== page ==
Exploring Nova Scotia coasts by kayak

Guest Contribution by Michelle Lloyd.

Heading off

Heading off

I spent most summers exploring the oceans- from tidepools and rocky shores to mud flats and sandy beaches. I flipped rocks over searching for critters beneath – crabs, worms, snails- whatever. I felt lucky with each new discovery. I splashed in tidepools and waded through seaweeds never knowing what I would find.

It wasn’t until I went to University that I had the opportunity to accompany a marine scientist to the ocean.  Ocean exploration allowed me to delve deeper into the unknown. I felt like a kid again – the wonder, the awe, the excitement. I wanted to share that feeling with others, and with that ‘Seacology by Kayak’ was born.

Seacology by Kayak is a joint collaboration between the Canadian Healthy Oceans Network, Dalhousie University, and Ecology Action Centre. We teamed up with a local kayaking company to host a weekly series of guided sea kayak tours with a marine and coastal ecology theme. This summer, a total of 18 of local “Seacologists” came to share their science and knowledge with the public, and they did it all from kayaks. Paddlers explored how the marine ecosystem off Nova Scotia’s coast works, what the major species are that ‘run’ it, and how it has changed over time due to the many stressors, such as climate change, natural resource extraction (e.g. food, oil and gas, minerals), habitat modification (e.g. coastal development, marinas, dredging) and invasive species.

Listening intently

Paddlers listening intently as Dr Boris Worm describes rockweed life cycles

Scientists talked about changes to our marine and coastal ecosystems, such as warming ocean temperatures, declining extent and thickness of sea ice, ocean acidification due to carbon dioxide dissolving in the ocean, marine oxygen depletion, changes to the food web, and commercial fish declines- despite recovery efforts. We also discussed the effects of these changes on our coastal ecosystems and communities.

Paddlers played in tidepools, waded through seaweed, swam with the minnows, and searched under seaweeds for hidden creatures between the tides. They learned about hermit crabs, green crabs, lobsters, sand dollars, bryozoans, tunicates, mussels, rockweed, knotted wrack, periwinkles, Irish moss, dead-man fingers, squid, double crested cormorant, great blue heron, lions mane jellyfish, pink cotton wool, sea lettuce, great black-backed gull, purple claw weed, sugar kelp, tube worms, and all sorts of invasive species.

Near "hermit crab island"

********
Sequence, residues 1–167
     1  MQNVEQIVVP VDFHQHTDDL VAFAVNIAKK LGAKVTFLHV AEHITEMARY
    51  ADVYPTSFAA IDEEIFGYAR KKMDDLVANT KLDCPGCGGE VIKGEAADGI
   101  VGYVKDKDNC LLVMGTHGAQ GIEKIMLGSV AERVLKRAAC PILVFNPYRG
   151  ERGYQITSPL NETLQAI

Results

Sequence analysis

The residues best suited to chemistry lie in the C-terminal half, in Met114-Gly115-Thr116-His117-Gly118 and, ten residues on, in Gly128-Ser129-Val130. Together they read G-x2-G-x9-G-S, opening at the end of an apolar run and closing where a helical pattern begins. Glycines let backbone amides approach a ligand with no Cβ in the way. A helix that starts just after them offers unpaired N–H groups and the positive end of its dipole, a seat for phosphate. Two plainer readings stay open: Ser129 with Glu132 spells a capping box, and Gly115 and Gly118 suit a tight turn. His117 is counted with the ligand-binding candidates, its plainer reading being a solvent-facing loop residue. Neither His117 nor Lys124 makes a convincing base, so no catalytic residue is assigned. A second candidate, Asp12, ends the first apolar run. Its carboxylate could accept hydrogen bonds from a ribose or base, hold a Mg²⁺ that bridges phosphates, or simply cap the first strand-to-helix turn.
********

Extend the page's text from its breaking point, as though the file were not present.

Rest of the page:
Examining a specimen- found near “hermit crab island”

Many paddlers had an opportunity to become scientists! We towed nets for plankton, such as larvae ‘the babies of the ocean’, copepods ‘fish and whale food’, and microscopic seaweeds ‘responsible for bioluminescence and red tides’.  We measured  the ocean’s temperature, saltiness and murkiness. We also learned about the bigger picture, such as what is happening on the Scotian shelf and the open Atlantic, along with climate change, ocean acidification, fisheries, coastal development and more.

Paddling through "the weeds"

Paddling through “the weeds”

There was even a “You Can Eat That?” session led by Dr. Stephanie Boudreau where paddlers learned about the different species they could harvest and eat!  We harvested seaweeds, collected snails and mussels, and then we feasted!  The ocean provides many edible treats from larger fish like swordfish and tuna, to mackerel, herring and shad, to invertebrates like mussels, clams, squid, sea urchins, shrimps and even gooseneck barnacles. There also many tasty seaweeds, including Nori, Irish moss, dulse, rockweed, kombu, sugar kelp, sea lettuce, oarweed, giant kelp and bull kelp.

Dr. Boris Worm led two Seacology outings, and brought a wider perspective to some of the changes we’re seeing in our local waters and small communities. One of the topics he touched on is the impact that international demands for our local seafood has on our coastal ecosystem, For example, a seemingly insatiable market for sea urchins in Asia has depleted local supplies and now demands urchins from as far away as the Nova Scotia’s coast. When important organisms like urchins are removed from delicate ecosystems in huge numbers to satisfy faraway markets, the local ecosystem suffers a cascading effect. Worm stressed the need for fisheries management to be biologically based rather than driven by foreign market demands.

Heading in

Heading in

The best part of Seacology by Kayak was the way provided a forum for the public to learn about the science being conducted in our province, but also lots about the different ecosystems and species that make up Nova Scotia’s coast, along with their connection to global market forces. People came far and wide to join us this summer to learn- with excitement and even child-like abandonment.

Michelle Lloyd is the Outreach Coordinator for the Canadian Healthy Oceans Network.Seacology by Kayak a partnership among Canadian Healthy Oceans Network, Ecology Action Centre, Dalhousie University, and East Coast Outfitters to bring people, nature and science together.


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